@interface MyVideoPlayer : NSObject
@property(nonatomic, copy) MyVideoPlayerCompletionBlock completion;
... // other property definitions (or ivars)    

-(void)canPlayAsset:(MyVideoAsset*)asset 
    completionBlock:(MyVideoPlayerCompletionBlock)completion;
... // other methods defined
@end

Implementation...

@implementation MyVideoPlayer

@synthesize completion = _completion;

-(void)dealloc {
    // Note: Block is released in dealloc like any other property or variable
    [_completion release], _completion = nil;
    ...  // other variables and properties not shown here are released
    [super dealloc];
}

-(void)canPlayAsset:(MyVideoAsset*)asset 
    completionBlock:(MyVideoPlayerCompletionBlock)completion {
    ... // Does something with asset.  Plays it, stores it, whatever

    // Saves completion block to call at a later time.
    // Note that this code could alternatively look like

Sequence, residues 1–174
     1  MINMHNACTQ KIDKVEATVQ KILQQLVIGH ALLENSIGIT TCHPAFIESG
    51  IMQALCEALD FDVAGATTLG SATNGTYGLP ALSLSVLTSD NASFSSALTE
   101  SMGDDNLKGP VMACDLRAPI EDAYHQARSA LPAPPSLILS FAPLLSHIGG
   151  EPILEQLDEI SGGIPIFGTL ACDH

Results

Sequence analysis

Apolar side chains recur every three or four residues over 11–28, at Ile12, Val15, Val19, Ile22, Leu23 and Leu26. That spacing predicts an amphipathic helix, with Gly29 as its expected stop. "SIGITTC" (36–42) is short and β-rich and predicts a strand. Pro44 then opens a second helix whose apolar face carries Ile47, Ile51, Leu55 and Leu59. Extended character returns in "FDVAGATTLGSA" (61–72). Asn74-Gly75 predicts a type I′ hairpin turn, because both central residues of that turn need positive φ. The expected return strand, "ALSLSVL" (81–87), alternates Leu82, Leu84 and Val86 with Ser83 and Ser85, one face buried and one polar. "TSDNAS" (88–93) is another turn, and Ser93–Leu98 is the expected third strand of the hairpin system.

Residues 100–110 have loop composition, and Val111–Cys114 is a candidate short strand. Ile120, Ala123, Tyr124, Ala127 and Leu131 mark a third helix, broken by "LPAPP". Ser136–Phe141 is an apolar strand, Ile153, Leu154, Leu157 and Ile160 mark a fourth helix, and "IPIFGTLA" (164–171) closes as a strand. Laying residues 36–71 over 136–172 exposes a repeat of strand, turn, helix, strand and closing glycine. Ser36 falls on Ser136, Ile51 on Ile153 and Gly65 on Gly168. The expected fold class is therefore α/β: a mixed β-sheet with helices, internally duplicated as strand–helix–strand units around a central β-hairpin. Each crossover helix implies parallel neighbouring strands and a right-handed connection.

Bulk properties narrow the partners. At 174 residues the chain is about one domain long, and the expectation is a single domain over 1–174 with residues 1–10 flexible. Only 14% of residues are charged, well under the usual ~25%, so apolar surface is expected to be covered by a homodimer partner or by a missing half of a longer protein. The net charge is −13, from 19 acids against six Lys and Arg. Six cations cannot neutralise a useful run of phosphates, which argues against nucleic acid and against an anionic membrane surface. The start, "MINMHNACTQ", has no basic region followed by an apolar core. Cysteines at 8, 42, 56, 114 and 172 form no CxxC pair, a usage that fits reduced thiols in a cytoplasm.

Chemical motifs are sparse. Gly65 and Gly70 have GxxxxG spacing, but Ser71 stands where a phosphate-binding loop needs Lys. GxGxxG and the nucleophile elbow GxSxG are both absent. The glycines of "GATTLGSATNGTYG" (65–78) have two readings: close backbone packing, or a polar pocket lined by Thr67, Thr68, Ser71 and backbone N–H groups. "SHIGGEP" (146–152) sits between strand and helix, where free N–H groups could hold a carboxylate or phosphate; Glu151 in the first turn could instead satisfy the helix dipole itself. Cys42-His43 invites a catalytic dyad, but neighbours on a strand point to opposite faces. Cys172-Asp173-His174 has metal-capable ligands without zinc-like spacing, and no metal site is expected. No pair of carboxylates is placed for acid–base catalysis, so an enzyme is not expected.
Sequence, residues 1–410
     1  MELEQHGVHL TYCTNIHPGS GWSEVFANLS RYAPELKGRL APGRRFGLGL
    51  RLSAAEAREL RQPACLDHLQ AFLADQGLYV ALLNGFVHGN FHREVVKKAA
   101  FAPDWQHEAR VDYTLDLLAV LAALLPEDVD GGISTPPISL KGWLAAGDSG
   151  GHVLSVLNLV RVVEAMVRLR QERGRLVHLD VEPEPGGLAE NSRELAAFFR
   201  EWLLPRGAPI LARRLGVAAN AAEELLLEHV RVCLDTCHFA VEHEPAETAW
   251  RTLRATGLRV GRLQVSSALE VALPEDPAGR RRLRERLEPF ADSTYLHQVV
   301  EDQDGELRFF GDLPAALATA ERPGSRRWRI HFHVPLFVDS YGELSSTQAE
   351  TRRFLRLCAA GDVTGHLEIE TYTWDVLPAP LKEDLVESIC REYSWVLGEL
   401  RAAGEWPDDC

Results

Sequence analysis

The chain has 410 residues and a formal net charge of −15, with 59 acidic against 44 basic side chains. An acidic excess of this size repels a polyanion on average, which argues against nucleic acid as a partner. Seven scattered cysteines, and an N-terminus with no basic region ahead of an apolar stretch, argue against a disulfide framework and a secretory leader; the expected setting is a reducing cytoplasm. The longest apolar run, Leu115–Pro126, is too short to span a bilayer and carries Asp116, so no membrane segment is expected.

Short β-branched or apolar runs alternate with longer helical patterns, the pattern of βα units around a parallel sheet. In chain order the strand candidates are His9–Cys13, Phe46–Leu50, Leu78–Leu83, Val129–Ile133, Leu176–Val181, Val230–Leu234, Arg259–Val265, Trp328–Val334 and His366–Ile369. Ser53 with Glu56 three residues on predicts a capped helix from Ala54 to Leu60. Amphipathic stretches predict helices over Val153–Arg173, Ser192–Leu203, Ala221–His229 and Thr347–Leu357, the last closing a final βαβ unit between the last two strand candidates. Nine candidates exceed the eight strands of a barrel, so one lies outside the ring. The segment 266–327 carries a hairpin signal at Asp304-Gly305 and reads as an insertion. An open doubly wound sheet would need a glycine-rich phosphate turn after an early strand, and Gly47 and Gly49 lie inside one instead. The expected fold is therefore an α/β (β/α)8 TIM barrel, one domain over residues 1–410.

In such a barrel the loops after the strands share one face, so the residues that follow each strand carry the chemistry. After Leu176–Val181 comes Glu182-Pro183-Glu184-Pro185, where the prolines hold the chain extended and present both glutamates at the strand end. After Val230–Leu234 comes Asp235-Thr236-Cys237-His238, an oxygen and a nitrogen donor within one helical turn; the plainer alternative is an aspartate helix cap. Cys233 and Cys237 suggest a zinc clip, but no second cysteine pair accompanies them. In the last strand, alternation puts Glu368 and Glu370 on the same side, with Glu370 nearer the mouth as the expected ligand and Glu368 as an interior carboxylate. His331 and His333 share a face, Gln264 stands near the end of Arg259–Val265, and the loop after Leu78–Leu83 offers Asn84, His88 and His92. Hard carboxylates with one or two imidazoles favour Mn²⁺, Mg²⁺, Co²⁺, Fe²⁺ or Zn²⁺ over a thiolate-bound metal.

// _completion = [completion copy];
    // Blocks are usually copied and not retained
    self.completion = completion;
}

... AT SOME POINT THE COMPLETION BLOCK FIRES ... (probably in an event handler or some sort)

-(void)SomeEventHandlerOrFuncThatCallsCompletionInMyVideoPlayer {
    // Time to call completion!
    if (self.completion) {
        self.completion(YES);  // OR no, doesn't matter
        //
        // WHOA! :: self.completion is not released
        //
        //     i.e. self.completion is not nil, and all
        //          variables inside it are still retained
        //          because calling a block doesn't also
        //          release the block.  To do that you would
        //          need to do:     self.completion = nil;
        //          AFTER calling:  self.completion(...);
        //
        //    SO...
        //
        //          Because the block was not released, it is
        //          still retaining variables (such as the current
        //          instance of MyViewPlayer).  Note that the
        //          Block will never be released until dealloc
        //          is called.  :(  So..., if you want the block
        //          to retain the current MyViewPlayer until